How Acting Frugally Can Actually Lead You To Spending More

By | Wednesday, December 21, 2016


Focusing on frugality can sometimes feel like wandering through the desert. We often trick ourselves with mirages in the distance that are temporal, and that will not lead to happiness.

As part of my fiance’s and my 90 Day Frugality Challenge, we’re discovering all sorts of new things about our lifestyle — and therefore, about ourselves. Luckily for us, there is a bit of behavior science out there related to what we’re trying to achieve.

We have caught ourselves on a Saturday night feeling ecstatic that we spent close to nothing (relative to our previous budget). That sounds great, but here’s where it gets tricky: We suddenly feel a need to go out and celebrate, to reward ourselves. Our week of frugal behavior makes us feel like it’s only fair for us to take a break from our overall goal.

It is an odd paradox, so you can imagine my delight when I discovered something in behavioral science that speaks to this situation.

What is Moral Licensing, and Why Should I Care?

The term “moral licensing” has been around for at least 15 years. When it comes to the human psyche, we should be very careful, because it has the power to create and destroy wealth in ways that make our W2s jealous. Brain chemistry is a powerful force that can either be understood and utilized, or else it remains unknown, and works against us. But at the very least, maybe we can find ways to trick ourselves to get our brains on our side.

Moral licensing is one such example of cognitive bias. We humans have a tendency to want to act in alignment with our morals and values. This makes us good. What moral licensing does is present us with a unique problem after we have acted well. Once we behave in a positive way, our self-esteem goes up, and we feel better about who we are. We feel positive emotions as the affirmation “I am a good person” crosses our minds.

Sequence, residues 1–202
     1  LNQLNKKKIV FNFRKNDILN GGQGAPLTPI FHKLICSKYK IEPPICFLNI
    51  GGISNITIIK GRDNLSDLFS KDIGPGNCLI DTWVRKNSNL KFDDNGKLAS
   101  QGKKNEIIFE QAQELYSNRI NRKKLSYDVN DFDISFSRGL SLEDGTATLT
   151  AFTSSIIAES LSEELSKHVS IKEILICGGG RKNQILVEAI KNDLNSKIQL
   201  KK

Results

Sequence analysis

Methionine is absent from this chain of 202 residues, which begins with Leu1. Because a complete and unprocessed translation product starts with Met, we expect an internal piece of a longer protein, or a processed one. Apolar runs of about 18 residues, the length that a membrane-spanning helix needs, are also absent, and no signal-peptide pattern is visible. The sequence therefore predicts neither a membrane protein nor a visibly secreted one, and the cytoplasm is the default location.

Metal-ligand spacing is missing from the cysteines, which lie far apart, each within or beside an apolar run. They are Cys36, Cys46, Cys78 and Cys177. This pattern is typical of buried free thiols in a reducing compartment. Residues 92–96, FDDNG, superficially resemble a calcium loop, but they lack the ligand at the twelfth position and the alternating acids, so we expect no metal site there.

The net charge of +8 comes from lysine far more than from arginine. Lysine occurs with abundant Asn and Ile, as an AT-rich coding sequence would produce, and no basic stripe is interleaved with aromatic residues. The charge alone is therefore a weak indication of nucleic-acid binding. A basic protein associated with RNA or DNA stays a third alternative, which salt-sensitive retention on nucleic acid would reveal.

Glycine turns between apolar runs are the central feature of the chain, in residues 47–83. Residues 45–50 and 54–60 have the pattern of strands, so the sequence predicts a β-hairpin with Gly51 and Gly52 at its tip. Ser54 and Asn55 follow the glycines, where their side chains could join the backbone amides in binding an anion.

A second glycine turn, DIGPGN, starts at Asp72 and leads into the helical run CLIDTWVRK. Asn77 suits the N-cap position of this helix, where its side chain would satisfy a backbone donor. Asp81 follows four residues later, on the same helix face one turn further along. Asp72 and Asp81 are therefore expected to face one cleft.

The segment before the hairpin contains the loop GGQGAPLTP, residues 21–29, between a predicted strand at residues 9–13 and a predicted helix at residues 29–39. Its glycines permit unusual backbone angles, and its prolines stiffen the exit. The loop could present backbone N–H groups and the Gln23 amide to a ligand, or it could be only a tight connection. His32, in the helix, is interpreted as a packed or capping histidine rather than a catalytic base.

Here’s where the problem kicks in.

With an elevated self-esteem from our good actions, we then become more likely to commit an immoral act, or an act outside of our values. In the most simple of terms: We feel we’ve been good, so now we can be bad. To illustrate moral licensing in action, I’ll share the ending of my story.

After the end of one frugal week (two weeks ago), we broke with protocol and went out to dinner. It was, as mentioned already, our reaction to having had our most frugal week to date. It was a mini celebration — plus, we were traveling, and just so happened to be presented with the opportunity to eat the most delicious tacos in the state of Texas. The stars had aligned, and the jalapeño-infused margaritas had taken us over.

If right now you’re thinking, “If Mr. and Mrs. Distilled Dollar can’t say no to tacos, no one can!,” then you are both right and wrong. Kind of like we were when we found ourselves faced with moral licensing. None of us are anywhere close to perfect, so of course we’re susceptible to the same cognitive biases as everyone else.

Our Solution to Avoid Moral Licensing the Next Time

We thought ahead to moments like the one described above, and we came up with how we would handle the inevitable temptations along the road. Early in the frugality challenge, we were fueled by pure optimism — the newness of everything, and some reading I was doing on stoicism. Alas, these emotions tend to fizzle out. After another week (this past week), we knew we would come face-to-face with another instance of moral licensing. We were ready this time.

To “reward” ourselves, we set up an evening of frugal activities — specifically, cooking, reading, and watching television. This might sound easy, but what we essentially did was block out the entire evening to do something we normally do anyway (such as watch Hulu or Netflix from our Roku, which doesn’t require paying for cable).

By committing to activities that lined up with our goals ahead of time, we closed the door on an impromptu decision to go against those values later in the day. We made our commitment very specific — as in, we knew what meal would be cooked, and what television show we would watch. By making our commitment more planned out, it became harder to turn down our night of guaranteed fun for something we knew we would feel guilty about later. We learned our lesson about what it takes to drive home a successful week. Frugality continues to inspire us, and remind us what we truly care about.

Have you had any similar experiences where activities come up as a reward for past behavior? Know any behaviors we exhibit that might ultimately lead to irrational spending? What do you do to stick to your goals, even near the very end of a long week?

Image via Unsplash


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